With gang violence, socio-economic clashes, bullying and discipline issues plaguing many public schools, administrators have in some cases turned to school uniforms. The arguments presented in favour of this decision are that wearing uniforms will prevent students from bullying one another over brand names or baring too much skin. While these all sound like worthy goals, students also learn important social and life lessons by choosing their own fashions.
Learn to Adapt
Students who choose their clothing each school day learn to adapt to shifting social standards and contexts—skills that will serve them well as adults. When they prepare for their first college visits, job interviews, internships or promotions, they will need to know how to make appropriate choices and uniforms do not facilitate this. After all, uniforms provide a cookie-cutter, conformist solution, while workplaces and social situations demand diverse standards,. In addition, teens forge independence by living with the consequences of trial and error.
Encourage Independent Thinking
Children and teens that confront a range of clothing styles at school also confront a range of visible social groups, economic classes and ethnic or religious traditions. While these differences can spark conflict and even fuel social segregation, they can also inspire kids to appreciate diverse points of view and engage in critical thinking.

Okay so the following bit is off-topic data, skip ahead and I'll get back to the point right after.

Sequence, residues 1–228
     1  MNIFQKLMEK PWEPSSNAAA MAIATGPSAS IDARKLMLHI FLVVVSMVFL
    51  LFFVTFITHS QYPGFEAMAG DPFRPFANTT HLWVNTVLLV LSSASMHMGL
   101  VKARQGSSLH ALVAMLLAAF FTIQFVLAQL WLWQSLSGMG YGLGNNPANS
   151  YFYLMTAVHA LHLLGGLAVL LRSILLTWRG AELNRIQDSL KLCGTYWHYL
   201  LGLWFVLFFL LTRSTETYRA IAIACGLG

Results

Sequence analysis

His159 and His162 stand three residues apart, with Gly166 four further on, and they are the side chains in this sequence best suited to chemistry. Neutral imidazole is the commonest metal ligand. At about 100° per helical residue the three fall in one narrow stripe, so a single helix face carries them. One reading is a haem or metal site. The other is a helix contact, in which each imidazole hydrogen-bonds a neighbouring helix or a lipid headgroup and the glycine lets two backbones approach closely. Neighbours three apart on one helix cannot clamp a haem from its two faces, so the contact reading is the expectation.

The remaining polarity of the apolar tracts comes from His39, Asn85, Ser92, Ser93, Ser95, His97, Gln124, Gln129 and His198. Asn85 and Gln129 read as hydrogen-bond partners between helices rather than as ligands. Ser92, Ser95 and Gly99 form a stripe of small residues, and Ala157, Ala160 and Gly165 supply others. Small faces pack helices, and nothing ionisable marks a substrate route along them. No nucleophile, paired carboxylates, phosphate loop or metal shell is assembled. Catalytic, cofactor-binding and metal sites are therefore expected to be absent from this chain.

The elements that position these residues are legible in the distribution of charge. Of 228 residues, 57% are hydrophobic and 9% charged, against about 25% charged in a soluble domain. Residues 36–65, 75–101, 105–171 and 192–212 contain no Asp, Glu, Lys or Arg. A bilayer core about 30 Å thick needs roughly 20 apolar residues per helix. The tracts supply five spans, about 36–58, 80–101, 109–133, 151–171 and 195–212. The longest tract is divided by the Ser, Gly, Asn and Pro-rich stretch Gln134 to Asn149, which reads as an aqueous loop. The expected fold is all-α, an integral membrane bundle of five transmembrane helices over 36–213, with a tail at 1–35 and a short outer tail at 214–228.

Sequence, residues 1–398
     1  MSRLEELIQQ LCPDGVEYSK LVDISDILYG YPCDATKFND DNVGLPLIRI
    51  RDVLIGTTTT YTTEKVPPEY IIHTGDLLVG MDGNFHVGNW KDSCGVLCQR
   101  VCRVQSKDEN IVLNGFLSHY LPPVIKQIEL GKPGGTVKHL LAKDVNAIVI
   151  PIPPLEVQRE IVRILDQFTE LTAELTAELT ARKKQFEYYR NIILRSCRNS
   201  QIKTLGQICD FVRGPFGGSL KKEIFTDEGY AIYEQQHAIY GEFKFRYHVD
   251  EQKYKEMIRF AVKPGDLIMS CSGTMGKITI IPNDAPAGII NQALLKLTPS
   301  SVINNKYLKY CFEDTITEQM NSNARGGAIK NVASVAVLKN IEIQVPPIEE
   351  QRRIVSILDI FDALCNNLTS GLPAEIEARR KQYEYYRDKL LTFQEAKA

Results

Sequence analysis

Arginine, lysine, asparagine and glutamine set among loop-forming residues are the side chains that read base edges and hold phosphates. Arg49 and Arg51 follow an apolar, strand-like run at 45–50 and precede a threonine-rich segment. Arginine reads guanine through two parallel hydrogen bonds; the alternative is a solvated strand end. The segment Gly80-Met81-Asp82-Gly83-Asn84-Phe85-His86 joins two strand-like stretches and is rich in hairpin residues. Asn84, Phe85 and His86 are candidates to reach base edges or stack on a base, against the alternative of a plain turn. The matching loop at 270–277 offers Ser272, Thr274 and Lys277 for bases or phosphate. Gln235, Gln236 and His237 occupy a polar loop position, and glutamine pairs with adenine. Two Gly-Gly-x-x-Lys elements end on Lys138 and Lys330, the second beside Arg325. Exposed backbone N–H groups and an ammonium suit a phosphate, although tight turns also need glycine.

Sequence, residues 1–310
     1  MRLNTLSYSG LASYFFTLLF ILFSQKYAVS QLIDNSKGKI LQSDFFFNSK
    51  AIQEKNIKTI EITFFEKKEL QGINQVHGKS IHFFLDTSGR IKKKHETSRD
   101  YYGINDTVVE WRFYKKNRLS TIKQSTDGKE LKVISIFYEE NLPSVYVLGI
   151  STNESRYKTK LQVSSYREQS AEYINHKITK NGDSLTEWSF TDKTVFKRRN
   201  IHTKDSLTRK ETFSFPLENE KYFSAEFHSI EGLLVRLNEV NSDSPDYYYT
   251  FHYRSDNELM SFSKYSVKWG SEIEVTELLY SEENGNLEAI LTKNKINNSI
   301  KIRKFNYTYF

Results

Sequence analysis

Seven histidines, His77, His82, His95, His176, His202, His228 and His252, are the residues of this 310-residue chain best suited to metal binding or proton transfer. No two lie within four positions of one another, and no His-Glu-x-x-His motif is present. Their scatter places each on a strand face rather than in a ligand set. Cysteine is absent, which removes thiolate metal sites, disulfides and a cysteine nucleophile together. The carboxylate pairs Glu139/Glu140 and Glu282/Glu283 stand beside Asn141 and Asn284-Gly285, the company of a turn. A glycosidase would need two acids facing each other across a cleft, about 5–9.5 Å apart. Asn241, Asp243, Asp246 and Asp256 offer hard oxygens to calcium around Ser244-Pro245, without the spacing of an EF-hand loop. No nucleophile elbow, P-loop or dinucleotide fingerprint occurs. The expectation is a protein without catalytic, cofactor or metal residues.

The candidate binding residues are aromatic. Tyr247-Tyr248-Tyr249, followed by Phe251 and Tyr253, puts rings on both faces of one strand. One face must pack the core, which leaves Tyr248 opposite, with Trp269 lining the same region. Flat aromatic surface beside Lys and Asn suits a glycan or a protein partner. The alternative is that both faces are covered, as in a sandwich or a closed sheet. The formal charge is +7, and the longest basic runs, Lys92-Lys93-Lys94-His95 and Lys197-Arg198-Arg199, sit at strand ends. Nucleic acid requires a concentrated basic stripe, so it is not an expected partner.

Promote Conversations with Parents
Arguments over clothes give kids an opportunity to express their identity and values to parents, and equally important, they give parents a platform for transmitting their values. Respectful disagreements can facilitate maturity. In addition, allowing a little fashion rebellion may help prevent worse rebellion later on—such as drug experimentation.
Monitor Gang Affiliations
When students wear their own choice of clothing, teachers, administrators and law enforcement will be able to monitor gang membership more easily, because gang members often wear particular affiliation symbols or colors. Parents and school officials often argue that uniforms put the brakes on gangs by removing this subtle communication method. However, uniforms do not eliminate gangs, and in fact, standard-issue clothing can potentially make symbolic gang clothing more difficult to identify or interpret—reinforcing a false sense of safety. For example, gang members might use something as subtle as a belt to signify membership.
Ease Budget Burdens
Allowing students to wear their own choice of clothing makes life easier for low-income families who may not be able to afford uniforms, and for the schools who might be required to provide financial assistance to such families. While many families might find uniforms cheaper than brand-name clothing, the price of a standard-issue uniform might stretch the budget for some families. Department of Education guidelines include financial assistance for families who cannot afford the uniforms. This means school districts have to pony up money from an already-strapped budget—perhaps draining money from academic or technology needs. Keeping non-uniform clothing choices prevents such cuts.
Karen Murdock holds a Bachelor of Arts degree in English and a Master of Fine Arts in creative writing. She has taught college composition since 2005 and written for a variety of publications since 1996.